Coigue (Nothofagus dombeyi), a member of the southern beech family, is sometimes marketed
as Chilean beech. The wood appears
similar to our native and European
beech, except for the absence of the
ray fleck. It has a bit more pink or reddish coloration than North American
beech. A nearly identical species is
called rauli (Nothofagus procera).
Note that the genus name Nothofagus
means “false beech.”
These two species, coigue and rauli,
grow mainly in Chile and Argentina.
The trees are often 130 feet tall and
three feet or larger in diameter. Al-
though they are a hardwood tree (that
is, they have leaves and not needles),
this tree is an evergreen. The first
branch is often more than 50 feet
above the ground, meaning that the
harvested tree produces large volumes
of clear lumber. Due to its abundance
and favorable growth and appearance,
we expect to see more of this lumber
imported into North America. The
lumber from these two species appears
similar to cherry and therefore is being
sold as a cherry substitute, at consid-
erably lower prices than cherry. The
wood is easy to work and quite stable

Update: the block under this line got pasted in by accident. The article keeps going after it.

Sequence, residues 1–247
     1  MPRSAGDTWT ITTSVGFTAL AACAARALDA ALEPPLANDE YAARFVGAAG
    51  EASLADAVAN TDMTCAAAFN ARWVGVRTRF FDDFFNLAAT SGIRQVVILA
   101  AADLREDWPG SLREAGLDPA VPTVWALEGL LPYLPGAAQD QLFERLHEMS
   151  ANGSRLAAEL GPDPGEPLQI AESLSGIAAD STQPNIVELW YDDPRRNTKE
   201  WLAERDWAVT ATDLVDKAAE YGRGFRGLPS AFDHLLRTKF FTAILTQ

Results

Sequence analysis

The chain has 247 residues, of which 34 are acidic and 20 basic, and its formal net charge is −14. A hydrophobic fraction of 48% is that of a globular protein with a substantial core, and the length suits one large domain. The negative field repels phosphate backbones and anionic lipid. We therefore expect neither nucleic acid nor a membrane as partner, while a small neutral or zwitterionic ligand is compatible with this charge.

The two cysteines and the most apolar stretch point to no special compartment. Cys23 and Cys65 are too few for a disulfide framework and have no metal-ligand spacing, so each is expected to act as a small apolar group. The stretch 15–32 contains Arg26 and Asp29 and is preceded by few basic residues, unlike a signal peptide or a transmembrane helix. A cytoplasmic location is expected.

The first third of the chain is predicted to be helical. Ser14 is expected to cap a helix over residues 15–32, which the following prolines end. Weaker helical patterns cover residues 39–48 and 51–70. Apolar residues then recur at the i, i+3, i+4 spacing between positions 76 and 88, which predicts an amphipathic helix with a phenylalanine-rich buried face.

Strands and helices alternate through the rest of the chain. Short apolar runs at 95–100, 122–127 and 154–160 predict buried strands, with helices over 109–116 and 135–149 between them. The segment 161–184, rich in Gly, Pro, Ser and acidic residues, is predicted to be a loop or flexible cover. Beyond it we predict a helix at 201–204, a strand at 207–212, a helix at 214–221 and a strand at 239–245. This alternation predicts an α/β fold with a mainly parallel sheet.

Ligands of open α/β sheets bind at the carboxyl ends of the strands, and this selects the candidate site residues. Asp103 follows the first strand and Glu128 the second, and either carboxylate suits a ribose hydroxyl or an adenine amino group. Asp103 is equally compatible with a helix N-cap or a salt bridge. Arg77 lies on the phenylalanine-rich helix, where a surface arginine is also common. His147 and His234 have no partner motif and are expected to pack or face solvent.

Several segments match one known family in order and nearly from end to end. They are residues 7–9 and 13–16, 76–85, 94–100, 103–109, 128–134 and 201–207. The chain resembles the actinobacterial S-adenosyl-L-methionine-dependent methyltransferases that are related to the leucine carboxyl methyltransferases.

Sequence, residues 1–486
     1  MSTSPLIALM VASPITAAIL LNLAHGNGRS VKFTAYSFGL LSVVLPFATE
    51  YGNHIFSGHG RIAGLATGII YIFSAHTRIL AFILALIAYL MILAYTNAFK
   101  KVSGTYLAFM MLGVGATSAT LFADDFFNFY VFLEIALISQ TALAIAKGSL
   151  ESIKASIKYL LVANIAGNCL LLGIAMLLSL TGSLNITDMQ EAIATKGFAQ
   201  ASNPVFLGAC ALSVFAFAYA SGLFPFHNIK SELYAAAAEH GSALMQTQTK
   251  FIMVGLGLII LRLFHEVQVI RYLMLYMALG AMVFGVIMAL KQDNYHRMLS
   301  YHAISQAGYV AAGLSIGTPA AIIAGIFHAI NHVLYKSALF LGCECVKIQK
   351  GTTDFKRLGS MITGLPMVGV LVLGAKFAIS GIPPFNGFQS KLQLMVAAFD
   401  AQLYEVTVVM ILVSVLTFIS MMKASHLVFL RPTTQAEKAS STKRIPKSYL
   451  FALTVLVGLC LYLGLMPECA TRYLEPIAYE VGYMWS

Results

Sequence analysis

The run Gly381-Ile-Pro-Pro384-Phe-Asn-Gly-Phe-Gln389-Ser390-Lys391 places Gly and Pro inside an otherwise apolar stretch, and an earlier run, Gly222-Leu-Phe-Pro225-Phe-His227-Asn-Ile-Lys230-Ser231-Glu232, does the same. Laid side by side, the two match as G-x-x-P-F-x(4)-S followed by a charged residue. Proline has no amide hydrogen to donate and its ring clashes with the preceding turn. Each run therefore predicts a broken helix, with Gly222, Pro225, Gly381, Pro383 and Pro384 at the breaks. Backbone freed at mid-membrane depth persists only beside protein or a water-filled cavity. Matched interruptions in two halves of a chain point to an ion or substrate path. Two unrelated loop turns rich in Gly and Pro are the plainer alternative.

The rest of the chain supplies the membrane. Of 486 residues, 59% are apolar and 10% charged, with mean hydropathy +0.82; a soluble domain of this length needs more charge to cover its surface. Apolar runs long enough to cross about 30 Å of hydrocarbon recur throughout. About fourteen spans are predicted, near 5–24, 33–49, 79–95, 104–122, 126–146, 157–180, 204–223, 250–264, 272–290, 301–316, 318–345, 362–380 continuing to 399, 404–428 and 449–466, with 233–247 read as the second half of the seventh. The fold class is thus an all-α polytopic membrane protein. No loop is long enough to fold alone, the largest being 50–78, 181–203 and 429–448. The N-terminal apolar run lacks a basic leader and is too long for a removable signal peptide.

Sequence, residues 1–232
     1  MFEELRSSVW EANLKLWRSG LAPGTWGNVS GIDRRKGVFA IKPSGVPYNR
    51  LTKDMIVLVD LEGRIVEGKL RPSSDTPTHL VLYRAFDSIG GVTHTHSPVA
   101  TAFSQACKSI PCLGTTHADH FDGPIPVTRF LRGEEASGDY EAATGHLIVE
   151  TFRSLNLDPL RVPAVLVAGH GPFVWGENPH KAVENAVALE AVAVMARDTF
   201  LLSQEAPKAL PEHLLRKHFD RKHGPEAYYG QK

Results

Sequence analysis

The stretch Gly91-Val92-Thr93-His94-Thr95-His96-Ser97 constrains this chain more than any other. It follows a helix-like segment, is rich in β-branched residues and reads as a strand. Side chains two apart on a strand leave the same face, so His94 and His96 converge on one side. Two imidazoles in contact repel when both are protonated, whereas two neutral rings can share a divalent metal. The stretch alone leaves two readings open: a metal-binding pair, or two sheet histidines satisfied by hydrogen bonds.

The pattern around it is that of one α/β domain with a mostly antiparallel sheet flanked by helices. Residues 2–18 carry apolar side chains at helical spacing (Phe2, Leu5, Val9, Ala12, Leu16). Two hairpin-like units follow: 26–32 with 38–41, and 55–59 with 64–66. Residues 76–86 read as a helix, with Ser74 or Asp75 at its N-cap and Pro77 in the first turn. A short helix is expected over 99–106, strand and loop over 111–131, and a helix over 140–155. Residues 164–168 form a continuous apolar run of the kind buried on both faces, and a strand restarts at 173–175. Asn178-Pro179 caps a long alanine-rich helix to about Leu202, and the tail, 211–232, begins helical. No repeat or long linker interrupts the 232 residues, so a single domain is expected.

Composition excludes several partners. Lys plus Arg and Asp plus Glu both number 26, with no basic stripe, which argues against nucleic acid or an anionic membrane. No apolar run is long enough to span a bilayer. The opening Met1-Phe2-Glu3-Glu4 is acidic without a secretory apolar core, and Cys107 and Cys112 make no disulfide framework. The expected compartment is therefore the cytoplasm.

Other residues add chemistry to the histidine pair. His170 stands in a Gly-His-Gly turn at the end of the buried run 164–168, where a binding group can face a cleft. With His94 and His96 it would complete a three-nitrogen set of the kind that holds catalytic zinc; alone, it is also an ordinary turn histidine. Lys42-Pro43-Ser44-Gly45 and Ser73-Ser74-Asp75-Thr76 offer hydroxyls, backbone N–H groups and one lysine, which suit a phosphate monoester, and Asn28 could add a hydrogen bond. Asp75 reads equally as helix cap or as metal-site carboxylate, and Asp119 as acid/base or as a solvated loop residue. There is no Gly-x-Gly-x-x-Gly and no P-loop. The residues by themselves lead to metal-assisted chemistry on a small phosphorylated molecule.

when the moisture changes. This wood
will find widespread uses in furniture
; Want more? For more on this and other species, search the Wood Explorer collection at woodworkingnetwork.com/wood-explorer
Appears similar to beech.
by Gene Wengert
email@example.com WOOD EXPLORER
Density. It weighs about 31 pounds
per cubic foot, which means that a ¾
inch thick board foot will weigh about 2
Drying. Drying is very difficult...slow
with a lot of warping and collapse. The
collapse must be removed or recovered
by using a steaming treatment at the end
Gluing and Machining. This wood
glues very well with no extra care re-
The world’s source
for in-line moisture
quired. This wood also machines well, as
might be expected, given its density.
Stability. Coigue is fairly stable, requir-
ing a 4-1/2 percent MC change in the
tangential direction (parallel to the rings)
for a 1 percent size change.
Strength. The ultimate bending strength
(MOE) is 14,900 psi. The elasticity is
2. 26 million psi. The hardness is 1160
pounds. Coigue is a bit stronger, stiffer,
and harder than cherry.
Color and Grain. The grain of this
species is considered to be fine. The
color is pinkish brown. Some work with
the finishing system would be needed to
obtain the perfect cherry appearance.
The wood has a high luster.
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